Dr. Christopher L. Moertel, MD, co-founder of OX2 Therapeutics. Dr. Moertel is an Professor in the Division of Pediatric Hematology and Oncology and holder of the Dahlberg Professorship of Pediatric Brain Tumor Research in the University of Minnesota Medical School. Dr. Moertel has over 25 years of experience as a neuro-oncologist, directing numerous clinical trials, has served on numerous national and local professional committees and is the author of a number of book chapters, articles and abstracts. Special interests include rare pediatric tumors, neurofibromatosis-associated neoplasia, and the therapy of children with brain and spinal cord tumors.
Dr. Thomas Molitor, PhD.,Dr. Molitor is a leader in immunology and virology. Dr. Molitor received his BA in Biology/chemistry followed with a masters and PhD in Microbiology, and a Postdoctoral position in Virology at Yale. He has received funding from various agencies including NIH since his first USDA grant in 1983. His research training is in virology and immunology and maintains a laboratory at the College of Veterinary Medicine using animal model systems and cell systems. He have extensively investigated various aspects of the host response process, including macrophage and T cell effector activities. In addition we have examined the maternal effects on development of the neonatal immune response. His lab has published extensively (earlier) on diagnostic methods for virus detection. Dr. Molitor is the director of the NIH T32 training program for the past 19 years and trained 17 postdoctoral and visiting fellows, 18 doctoral students and 5 Master’s students to completion of degrees and served on the graduate committees of approximately 100 additional doctoral students. In addition, he is the director of the NIH R25 summer research program. The goal of the R25 summer program is to provide high quality research experience along with skills and educational techniques that necessary to apply for graduate or professional schools to those underrepresented students of diversity. In addition to research, he has had major administrative positions over the past 8 years as department chair of a 72 faculty clinical and research department. This position affords me the opportunity to help lead the development of faculty as future scientist and clinicians.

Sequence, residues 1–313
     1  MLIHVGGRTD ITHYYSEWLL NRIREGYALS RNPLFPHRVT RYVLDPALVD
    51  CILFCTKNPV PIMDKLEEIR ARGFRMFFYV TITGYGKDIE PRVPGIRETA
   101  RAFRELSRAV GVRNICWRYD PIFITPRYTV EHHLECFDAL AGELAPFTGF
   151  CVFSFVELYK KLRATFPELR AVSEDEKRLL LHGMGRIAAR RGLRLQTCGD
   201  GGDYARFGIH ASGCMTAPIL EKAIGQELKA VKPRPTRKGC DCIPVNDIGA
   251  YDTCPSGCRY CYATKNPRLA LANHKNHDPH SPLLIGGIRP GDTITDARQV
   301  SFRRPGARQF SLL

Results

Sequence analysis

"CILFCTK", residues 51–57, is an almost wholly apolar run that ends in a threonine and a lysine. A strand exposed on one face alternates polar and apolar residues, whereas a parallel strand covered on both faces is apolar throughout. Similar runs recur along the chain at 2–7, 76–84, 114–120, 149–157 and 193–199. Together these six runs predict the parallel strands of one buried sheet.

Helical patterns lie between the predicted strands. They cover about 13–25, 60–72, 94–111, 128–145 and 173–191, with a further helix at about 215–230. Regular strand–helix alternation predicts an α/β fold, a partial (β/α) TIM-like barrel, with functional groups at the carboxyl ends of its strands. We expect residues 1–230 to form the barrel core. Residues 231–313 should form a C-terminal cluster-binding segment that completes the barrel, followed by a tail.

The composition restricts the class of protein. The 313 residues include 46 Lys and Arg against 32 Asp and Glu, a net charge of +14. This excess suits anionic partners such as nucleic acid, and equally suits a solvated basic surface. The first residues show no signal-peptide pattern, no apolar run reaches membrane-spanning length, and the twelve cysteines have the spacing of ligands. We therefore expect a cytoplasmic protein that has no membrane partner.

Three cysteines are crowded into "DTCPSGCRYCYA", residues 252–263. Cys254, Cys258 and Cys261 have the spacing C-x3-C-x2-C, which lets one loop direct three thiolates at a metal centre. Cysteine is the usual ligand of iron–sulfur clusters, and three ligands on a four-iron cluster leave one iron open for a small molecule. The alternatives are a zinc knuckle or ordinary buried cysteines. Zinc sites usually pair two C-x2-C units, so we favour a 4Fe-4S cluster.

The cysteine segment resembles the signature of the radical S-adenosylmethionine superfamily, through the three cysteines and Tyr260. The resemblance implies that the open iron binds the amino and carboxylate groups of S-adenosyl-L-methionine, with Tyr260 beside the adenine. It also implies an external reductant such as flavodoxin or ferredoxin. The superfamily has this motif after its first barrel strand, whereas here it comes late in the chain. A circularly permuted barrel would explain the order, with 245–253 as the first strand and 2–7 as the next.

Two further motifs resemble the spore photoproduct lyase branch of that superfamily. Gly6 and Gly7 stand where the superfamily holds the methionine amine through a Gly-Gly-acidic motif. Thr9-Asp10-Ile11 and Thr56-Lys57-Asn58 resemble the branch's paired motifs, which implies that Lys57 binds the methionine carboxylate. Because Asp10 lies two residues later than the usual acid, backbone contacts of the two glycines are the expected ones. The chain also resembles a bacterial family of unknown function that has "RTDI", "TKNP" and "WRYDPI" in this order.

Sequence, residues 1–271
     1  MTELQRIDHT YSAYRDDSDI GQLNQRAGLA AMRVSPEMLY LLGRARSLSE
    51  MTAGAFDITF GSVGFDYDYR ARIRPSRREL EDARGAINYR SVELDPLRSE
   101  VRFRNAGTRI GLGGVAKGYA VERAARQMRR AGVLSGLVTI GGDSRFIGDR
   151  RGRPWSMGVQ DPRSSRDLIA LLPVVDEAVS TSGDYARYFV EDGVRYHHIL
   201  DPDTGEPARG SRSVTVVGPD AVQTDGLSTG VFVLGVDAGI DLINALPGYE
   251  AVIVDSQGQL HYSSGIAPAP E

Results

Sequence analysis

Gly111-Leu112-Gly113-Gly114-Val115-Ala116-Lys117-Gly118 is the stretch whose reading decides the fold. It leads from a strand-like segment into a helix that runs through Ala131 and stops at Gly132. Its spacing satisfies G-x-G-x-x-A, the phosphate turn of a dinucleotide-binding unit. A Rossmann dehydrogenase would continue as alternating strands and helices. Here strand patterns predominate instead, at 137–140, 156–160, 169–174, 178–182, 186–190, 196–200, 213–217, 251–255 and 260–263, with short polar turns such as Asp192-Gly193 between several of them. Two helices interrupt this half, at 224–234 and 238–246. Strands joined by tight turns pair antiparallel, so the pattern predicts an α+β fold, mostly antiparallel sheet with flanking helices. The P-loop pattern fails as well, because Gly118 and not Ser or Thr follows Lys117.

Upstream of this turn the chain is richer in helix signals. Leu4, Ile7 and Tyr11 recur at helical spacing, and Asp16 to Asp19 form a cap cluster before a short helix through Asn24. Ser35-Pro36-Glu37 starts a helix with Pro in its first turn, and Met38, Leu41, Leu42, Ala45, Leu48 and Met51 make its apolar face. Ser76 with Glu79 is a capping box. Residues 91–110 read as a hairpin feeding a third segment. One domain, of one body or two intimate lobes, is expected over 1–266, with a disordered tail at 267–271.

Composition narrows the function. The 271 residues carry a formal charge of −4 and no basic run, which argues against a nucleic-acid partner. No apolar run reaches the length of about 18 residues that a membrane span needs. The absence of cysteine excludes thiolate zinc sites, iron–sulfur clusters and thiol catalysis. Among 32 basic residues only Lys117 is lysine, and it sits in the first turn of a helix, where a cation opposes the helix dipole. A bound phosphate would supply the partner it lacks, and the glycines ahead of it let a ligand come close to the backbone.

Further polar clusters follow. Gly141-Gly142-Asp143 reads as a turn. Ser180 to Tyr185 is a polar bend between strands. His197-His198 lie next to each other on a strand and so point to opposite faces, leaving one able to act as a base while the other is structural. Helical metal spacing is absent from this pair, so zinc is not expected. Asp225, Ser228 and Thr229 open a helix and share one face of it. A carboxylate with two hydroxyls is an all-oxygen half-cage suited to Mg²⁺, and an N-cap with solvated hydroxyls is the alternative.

Dr. G. Elizabeth Pluhar, D.V.M., PhD, Member, OX2 Therapeutics Scientific Advisory Board. Dr. Pluhar is a veterinary neurosurgeon and Associate Professor in the Department of Veterinary Clinical Services at the University of Minnesota. Dr. Pluhar has collaborated with Dr. Olin for more than 6 years in the development of novel immunotherapies for canines with CNS tumors and conditions affecting the brain, spinal cord, peripheral nerves and supporting structures in canines. Together, Drs. Olin and Pluhar are successfully testing the safety and efficacy of the OX2 inhibitor in a canine high-grade brain tumor clinical trial.